He mounted his horse and rode towards the bridge with his great cudgel carried at the rest, as a man might ride the lists at a tourney. Not a soul was visible in the wide landscape.

There was a little rise of ground before he reached the first causeway, and there his eye could just surmount the high bridge back. Something he saw beyond, and that something was like the summit of a pleached hedge. He knew it for the tips of spears. There were men stationed on the other side.

His eyes dimmed and then cleared, and out of his heart went all carefulness. That awoke in him which had sent his forbears rending the Scottish footmen and driving through the mellay at Poictiers. He felt light-hearted and unconquerable. His great stick was like a straw in his hands. He had in him the power to subdue thousands. He was singing to himself, singing small and low, and the words were Sabine’s song.

The spurs were in the bay’s flanks, and in a mad gallop he was on the causeway. . . . Summer is come with love to town. . . . The light lip of the tide flew around him in spray. . . . Sweet mistress, why so pale O? . . . With a bound he was on the bridge’s keystone. . . . The deer draw to the dale O! He saw below him a blur of men . . . and spear-points. Their faces seemed strangely white. They blocked the path, most of them dismounted, and they stared — stared with blank eyes. Could such feeble folk stay him? He saw one man on a horse with a blue surcoat over mail, and he saw him draw his sword. Down the steep descent from the arch to the far causeway he thundered, and men gave way for him and two fell sprawling. The horseman took his cudgel on his sword arm and promptly rolled from his horse.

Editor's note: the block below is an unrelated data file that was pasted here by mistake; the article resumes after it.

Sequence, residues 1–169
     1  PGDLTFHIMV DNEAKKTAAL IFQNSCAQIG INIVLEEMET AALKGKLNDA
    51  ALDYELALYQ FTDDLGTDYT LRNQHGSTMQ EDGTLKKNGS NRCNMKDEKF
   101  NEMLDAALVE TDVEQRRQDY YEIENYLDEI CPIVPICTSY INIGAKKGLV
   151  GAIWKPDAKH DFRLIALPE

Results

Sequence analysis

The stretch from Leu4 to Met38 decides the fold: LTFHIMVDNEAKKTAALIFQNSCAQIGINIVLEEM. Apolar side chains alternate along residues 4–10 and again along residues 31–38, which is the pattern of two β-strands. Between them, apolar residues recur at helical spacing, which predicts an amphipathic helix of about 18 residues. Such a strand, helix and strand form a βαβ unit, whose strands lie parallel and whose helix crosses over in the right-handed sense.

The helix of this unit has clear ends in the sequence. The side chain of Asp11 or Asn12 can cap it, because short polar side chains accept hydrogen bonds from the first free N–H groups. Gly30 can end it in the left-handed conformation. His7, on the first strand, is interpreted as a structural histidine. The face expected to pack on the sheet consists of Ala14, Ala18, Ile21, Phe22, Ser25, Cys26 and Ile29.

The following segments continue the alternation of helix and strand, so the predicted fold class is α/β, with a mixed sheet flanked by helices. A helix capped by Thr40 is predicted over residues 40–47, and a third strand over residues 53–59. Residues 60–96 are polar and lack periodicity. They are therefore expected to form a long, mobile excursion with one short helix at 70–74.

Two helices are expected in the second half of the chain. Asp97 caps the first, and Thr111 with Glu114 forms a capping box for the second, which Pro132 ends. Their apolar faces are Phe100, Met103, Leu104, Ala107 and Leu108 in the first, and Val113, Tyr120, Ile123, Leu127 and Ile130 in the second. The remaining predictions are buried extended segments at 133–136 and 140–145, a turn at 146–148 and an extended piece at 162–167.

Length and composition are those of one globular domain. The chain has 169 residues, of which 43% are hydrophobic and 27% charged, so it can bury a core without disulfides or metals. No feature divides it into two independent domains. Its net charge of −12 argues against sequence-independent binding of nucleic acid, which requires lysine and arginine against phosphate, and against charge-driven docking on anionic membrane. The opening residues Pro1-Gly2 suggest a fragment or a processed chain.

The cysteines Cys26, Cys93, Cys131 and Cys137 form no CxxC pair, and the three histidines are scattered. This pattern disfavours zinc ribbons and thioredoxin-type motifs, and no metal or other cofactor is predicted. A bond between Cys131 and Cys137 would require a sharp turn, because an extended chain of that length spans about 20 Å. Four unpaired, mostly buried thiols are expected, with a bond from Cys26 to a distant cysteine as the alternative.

Peter was not humming now, for the fury of an older England was on him. For the last time men heard a cry once more terrible than trumpets — the cry of “God and the Swan.” . . . They divided and some ran, for the ash stick was breaking their heads and snapping their spear-shafts.

But there was a stout man at the back, one Jonas Turph, the Swinbrook armourer, and he bore a great hammer. Likewise he had a steel cap under his felt bonnet. On his head the ash stick shivered into a dozen pieces, and the hard skull beneath took no scaith. Peter was almost through — in three strides more he would be beyond the causeway with the road open for the west. But the armourer, shaking his head like a dog coming out of water, swung his hammer. It struck the bay’s rump, there was the squeal of a beast in pain, and down it came with a palsied back. . . . A great hand plucked at Peter’s neck from behind, and in an instant he was on the ground with a press of men atop of him.

Sir Ferdinando Fettiplace, nursing a broken arm, looked at the trussed and half-senseless figure with a wry face.

“Curse on the madcap,” he said. “’Twill be a month of Sundays ere I can sup broth again. This day will be worth a capful of gold to you, Jonas Turph, for beyond doubt ’tis the lad the King’s grace is seeking. Well-grown, they said, and comely, and habited in russet and green. By the Blood of Hailes, but he is ripe for hanging, for with such abroad there can be no peace in England. He came down on us like the lightnings of God.”

Last updated Sunday, March 27, 2016 at 11:50